# Set of functions that are eventually zero

1. Oct 14, 2012

### jmjlt88

The problem asks whether the set F of all functions from Z+ into {0,1} that are "eventually zero" is countable or uncountable.

In my proof, I claimed countable. By definition, associated with each function f in F, there is a positive integer N such that f(n)=0 for n≥N. I took N' to be the largest of these N's. Hence, for each f in F, f(n)=0 for all n≥N'. Then, I defined a function g: F -> {0,1}N'-1 by

g({(1,x1),....,(N'-1,xN'-1), (N',0),(N'+1,0)....}) = (x1,......,xN'-1)​

[Note: I know there is a simplier way to denote elements in F]

I then proved that this is a bijection. Since the range is a finite product of countable sets, it is countable. It follows that F is indeed countable.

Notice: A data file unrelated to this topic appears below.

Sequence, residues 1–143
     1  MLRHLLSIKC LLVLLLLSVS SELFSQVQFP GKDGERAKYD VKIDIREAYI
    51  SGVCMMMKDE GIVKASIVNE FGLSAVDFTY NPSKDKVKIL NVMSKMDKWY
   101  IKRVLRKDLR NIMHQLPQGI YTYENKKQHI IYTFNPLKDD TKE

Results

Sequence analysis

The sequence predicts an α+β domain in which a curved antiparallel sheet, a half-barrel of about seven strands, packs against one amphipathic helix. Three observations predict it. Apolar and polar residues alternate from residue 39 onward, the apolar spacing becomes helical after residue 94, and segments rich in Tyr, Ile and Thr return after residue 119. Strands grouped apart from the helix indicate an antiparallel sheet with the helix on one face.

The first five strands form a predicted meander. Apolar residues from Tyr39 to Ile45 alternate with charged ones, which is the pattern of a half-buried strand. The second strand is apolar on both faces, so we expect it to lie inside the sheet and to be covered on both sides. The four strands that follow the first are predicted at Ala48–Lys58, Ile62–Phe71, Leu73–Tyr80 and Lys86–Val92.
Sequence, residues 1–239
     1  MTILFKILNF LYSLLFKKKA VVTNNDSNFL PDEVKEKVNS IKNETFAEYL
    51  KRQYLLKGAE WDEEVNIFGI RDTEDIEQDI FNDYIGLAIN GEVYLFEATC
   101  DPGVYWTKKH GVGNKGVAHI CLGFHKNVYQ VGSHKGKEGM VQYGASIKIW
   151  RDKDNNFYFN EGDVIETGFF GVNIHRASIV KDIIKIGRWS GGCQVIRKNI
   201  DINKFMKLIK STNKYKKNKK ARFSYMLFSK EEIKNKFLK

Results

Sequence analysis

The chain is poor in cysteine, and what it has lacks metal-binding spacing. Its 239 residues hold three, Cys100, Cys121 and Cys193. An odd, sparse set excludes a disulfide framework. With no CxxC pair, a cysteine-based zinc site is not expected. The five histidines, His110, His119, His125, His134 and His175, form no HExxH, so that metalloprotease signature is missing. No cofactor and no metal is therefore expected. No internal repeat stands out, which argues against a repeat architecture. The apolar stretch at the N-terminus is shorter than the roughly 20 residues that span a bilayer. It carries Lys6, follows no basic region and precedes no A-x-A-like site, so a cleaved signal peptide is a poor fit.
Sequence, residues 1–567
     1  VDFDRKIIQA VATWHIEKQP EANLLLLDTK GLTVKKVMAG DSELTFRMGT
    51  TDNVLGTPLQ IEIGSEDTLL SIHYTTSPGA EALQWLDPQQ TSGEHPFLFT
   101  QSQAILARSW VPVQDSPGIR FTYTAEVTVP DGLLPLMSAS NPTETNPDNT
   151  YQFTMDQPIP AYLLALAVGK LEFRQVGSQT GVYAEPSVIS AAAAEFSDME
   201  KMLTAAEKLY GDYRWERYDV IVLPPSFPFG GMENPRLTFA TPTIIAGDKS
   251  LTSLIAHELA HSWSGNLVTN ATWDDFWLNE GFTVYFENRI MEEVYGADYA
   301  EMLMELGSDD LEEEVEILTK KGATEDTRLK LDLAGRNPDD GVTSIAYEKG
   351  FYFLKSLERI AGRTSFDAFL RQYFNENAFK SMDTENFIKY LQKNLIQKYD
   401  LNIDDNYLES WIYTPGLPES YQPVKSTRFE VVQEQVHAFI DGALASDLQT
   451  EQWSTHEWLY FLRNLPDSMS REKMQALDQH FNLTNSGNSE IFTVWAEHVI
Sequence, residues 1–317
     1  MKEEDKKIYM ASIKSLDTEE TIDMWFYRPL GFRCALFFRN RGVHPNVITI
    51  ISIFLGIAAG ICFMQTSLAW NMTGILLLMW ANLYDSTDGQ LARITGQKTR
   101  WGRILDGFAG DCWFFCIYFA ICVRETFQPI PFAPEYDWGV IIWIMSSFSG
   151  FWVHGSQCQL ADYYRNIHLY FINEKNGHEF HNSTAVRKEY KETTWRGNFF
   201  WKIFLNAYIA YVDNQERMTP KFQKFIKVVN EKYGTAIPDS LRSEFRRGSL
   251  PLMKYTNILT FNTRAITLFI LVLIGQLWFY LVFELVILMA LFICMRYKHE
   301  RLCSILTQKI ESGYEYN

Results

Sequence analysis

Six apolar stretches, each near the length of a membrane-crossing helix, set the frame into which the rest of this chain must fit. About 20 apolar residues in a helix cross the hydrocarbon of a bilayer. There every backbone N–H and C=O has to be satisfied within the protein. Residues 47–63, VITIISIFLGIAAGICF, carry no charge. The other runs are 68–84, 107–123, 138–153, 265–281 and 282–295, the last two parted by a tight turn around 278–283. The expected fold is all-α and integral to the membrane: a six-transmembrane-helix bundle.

Looking back at my proof, I feel that I may have made an error in picking N'. Cannot I not just construct a function that sends 1 through, say, N'+1 to 1 and the rest to zero? In other words, what (if anything) allows me to pick such an N'?

My proof may be correct. That is, I may be second guessing myself.

Last edited: Oct 14, 2012
2. Oct 14, 2012

### Staff: Mentor

What about f(n)=1 for all n in Z+?
Or g(n)=1 for odd n, g(n)=0 for even n?

If that N(f) would exist for all f in F, F would be countable. However, you would need a different proof:
"The largest N" does not have to exist in infinite subsets of the natural numbers.

If that N' would exist, F would be finite.

3. Oct 14, 2012

### jmjlt88

Sorry. I posted the question wrong. The problem asks whether the set F of all functions from Z+ into {0,1} that are eventually zero is countable or uncountable.

4. Oct 14, 2012

### Dick

You can't choose a largest N' at all. Each function has a different N, no reason they should be bounded. Take the set of all functions such that f(n)=0 for n≥N. That's countable (in fact, it's finite). Now think about forming a union of sets.

5. Oct 14, 2012